Bottomline: same pedal stance/Q-factor up front for good pedalling efficiency, wider spoke stance in the rear for stiffer, stronger wheel builds. If you want, you can also do the same trick in the front with a Boost front hub (110mm vs 100mm) but that’s optional.

Why do we add Boost to this frame? Because it adds stiffness to the build, because it works well with the wider rims that we prefer and because it creates more tire clearance between tire and chain. Aside from these advantages, there really aren’t any drawbacks now that all manufacturers have started making their components in Boost versions.

Dropped chainstay

To create space for bigger tires, the ONE+ features OPEN’s trademark dropped chainstay. A clean and simple method to move the chainstay away from the most crowded real estate on a frame and towards an area where we can boost the chainstay size for the most efficient power transfer.

TRCinTRS™ technology

“100% hi-modulus carbon”, “aero-space grade”, etc. Useless – and hopefully false (we’ll get to that) – claims meant to impress you.

It’s not about high- or low-modulus, it’s about the right carbon in the right spot. And because the bike industry loves techie-sounding abbreviations, we’ll humor them and call it TRCinTRS™.

Fact: stiffer carbon is more brittle. Strategically placed ultra-high-modulus carbon is a good idea. Making the whole headtube out of it when you have big impact loads is not!

The best lay-up is not 100% of one modulus; it’s a blend. We use the highest modulus (stiffest) carbon of any bike manufacturer where we can, and tougher grades of carbon where we must. That’s how our frames are both light and durable.

Wire-stays

The rear triangle has to provide lateral stiffness for an efficient drive train, but vertical compliance for better comfort. The ONE+ features chainstays and seatstays that are extremely thin vertically to provide that compliance, while their lateral width and layup ensure rock-solid propulsion.

The seatstays are pre-curved so they can absorb even small bumps very quickly. But lay the bike into a turn and you’ll notice how stiff they are laterally. Truly the best of both worlds.

Flat-out downtube

The downtube is the key for stiffness, connecting the steering center of your frame with the drivetrain. The flat-out downtube’s characteristically flat outside faces allow us to strategically place strips of ultra-high modulus carbon far away from the center plane. The stiffest carbon exactly where it matters, guaranteed!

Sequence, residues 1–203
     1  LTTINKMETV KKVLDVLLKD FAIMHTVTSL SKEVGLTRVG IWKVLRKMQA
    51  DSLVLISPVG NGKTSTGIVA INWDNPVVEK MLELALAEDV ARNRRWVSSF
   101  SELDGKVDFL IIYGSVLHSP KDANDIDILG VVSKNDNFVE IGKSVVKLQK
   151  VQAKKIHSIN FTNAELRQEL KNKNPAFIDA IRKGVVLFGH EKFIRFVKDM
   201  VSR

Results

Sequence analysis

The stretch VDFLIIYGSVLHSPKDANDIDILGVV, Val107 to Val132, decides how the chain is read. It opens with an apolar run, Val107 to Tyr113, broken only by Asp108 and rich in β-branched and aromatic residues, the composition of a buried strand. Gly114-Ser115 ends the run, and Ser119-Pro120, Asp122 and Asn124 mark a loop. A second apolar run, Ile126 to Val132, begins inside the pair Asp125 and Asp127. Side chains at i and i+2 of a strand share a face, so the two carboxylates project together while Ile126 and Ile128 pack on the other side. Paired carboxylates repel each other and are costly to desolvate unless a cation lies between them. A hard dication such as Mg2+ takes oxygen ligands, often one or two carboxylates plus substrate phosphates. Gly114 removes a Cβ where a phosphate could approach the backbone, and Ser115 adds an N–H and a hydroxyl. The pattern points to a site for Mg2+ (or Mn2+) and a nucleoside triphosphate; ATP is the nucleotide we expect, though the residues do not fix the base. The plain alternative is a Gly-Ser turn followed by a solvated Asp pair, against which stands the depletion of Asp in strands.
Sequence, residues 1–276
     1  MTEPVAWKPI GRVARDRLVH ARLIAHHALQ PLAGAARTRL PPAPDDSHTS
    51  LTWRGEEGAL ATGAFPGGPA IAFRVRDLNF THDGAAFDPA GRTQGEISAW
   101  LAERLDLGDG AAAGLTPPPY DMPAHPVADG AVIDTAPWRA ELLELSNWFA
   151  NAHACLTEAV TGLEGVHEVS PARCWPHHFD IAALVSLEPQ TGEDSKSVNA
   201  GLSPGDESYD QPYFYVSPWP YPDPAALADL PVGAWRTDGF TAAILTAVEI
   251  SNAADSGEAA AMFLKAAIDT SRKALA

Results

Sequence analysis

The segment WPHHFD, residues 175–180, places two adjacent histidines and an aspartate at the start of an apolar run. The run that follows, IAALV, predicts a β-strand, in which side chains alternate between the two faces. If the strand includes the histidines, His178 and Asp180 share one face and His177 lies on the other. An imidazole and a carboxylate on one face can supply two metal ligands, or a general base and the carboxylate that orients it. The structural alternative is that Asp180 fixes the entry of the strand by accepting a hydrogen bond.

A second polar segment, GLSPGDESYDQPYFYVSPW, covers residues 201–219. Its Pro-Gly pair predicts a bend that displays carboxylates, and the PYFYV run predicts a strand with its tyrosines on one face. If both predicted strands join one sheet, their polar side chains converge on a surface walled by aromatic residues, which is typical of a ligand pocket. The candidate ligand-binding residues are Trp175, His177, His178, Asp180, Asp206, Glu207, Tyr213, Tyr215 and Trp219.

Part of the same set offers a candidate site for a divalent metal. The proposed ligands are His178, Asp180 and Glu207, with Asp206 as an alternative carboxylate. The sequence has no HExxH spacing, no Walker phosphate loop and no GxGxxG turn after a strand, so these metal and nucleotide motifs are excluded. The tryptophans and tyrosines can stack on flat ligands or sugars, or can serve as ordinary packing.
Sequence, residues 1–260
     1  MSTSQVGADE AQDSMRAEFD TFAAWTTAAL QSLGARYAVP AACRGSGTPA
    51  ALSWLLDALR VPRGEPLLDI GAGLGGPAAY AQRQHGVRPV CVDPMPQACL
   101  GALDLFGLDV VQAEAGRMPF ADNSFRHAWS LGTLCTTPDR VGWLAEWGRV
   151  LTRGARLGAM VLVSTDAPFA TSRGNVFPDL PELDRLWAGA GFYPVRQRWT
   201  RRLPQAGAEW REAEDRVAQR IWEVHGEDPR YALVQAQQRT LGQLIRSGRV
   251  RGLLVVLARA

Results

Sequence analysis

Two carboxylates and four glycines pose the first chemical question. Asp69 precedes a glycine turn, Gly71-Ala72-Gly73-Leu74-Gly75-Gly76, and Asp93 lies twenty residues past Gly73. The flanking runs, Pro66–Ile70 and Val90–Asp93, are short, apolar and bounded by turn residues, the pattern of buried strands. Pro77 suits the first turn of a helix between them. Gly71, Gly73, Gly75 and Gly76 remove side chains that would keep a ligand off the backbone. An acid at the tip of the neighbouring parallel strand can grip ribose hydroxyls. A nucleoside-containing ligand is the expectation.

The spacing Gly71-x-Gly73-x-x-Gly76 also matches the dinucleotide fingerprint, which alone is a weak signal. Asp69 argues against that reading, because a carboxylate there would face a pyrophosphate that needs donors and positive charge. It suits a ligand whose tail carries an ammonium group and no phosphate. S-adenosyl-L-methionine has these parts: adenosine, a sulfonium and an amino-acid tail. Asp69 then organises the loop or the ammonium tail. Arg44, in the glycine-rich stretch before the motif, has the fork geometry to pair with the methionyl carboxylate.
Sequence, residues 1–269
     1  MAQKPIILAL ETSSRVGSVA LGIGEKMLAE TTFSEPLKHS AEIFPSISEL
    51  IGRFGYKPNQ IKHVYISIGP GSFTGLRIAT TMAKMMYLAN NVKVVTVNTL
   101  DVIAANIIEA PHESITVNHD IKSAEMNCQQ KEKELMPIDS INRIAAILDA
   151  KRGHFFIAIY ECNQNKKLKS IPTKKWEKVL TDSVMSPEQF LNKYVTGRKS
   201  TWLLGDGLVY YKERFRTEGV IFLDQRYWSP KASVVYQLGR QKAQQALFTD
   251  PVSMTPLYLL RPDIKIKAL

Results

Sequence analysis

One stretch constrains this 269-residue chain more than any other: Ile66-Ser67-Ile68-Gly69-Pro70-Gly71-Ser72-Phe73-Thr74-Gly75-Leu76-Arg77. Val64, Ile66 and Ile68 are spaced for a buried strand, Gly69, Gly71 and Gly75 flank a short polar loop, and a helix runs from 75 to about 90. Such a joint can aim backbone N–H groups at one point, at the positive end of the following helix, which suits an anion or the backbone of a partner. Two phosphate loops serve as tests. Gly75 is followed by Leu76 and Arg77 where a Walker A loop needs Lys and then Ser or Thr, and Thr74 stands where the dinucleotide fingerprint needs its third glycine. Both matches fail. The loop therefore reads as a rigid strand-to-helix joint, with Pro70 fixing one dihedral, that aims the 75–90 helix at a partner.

Zero-setback seattube

With a minimalist 27.2mm diameter we maximize the flex in our seatpost & seattube. This is especially a big plus on rough terrain. The seattube angle is designed around the use of a straight, zero-setback seatpost rather than a regular seatpost with setback (we’ve never understood those). Zero-setback posts are lighter, saving you another 10-30 grams (every little bit helps).

Fully-internal cables/hoses

External cables & hoses collect dirt, risk getting stuck behind objects (particularly expensive with electronic shifting) and frankly, they are ugly. So the ONE+ runs them internally.

With our proven MultiStop design, you can customize the frame for 2x10/11, 1x10/11 and Di2 shifting. Just pick the right insert.

ThruThread dropouts

Most thru-axle frames are heavier than quick-release frames. Extra carbon for the dropouts, heavy hangers, and the axle itself. But they are stiffer, So what do you want most? The answer for most people is “both”, and so we introduce the first frames that combine a thru-axle with a lower weight. How?

The ThruThread design uses the same threads that hold the thru-axle to lock the derailleur hanger into the frame. Simple, light, effective.

We didn’t just redesign the dropout, the entire seatstay and chainstay design is optimized with the added stiffness of the thru-axle in mind. For the thru-axle itself, we recommend the stiffest design available, the Syntace X-12, but you are free to use a different 12mm thru-axle if you want.

SafePost™ Pilot hole

Seatposts usually indicate a minimum insertion dimension. That keeps the seatPOST safe, but it’s also important that the seatTUBE is supported properly. The minimum insertion for that is indicated by the SafePost Pilot hole.

Bottom bracket

The ONE+ uses a 92mm bottom bracket standard. This allows you to directly mount a Shimano or SRAM 24mm crank in the frame (the wider BB shell replaces the outboard bearing cups, essentially integrating them into the frame structure).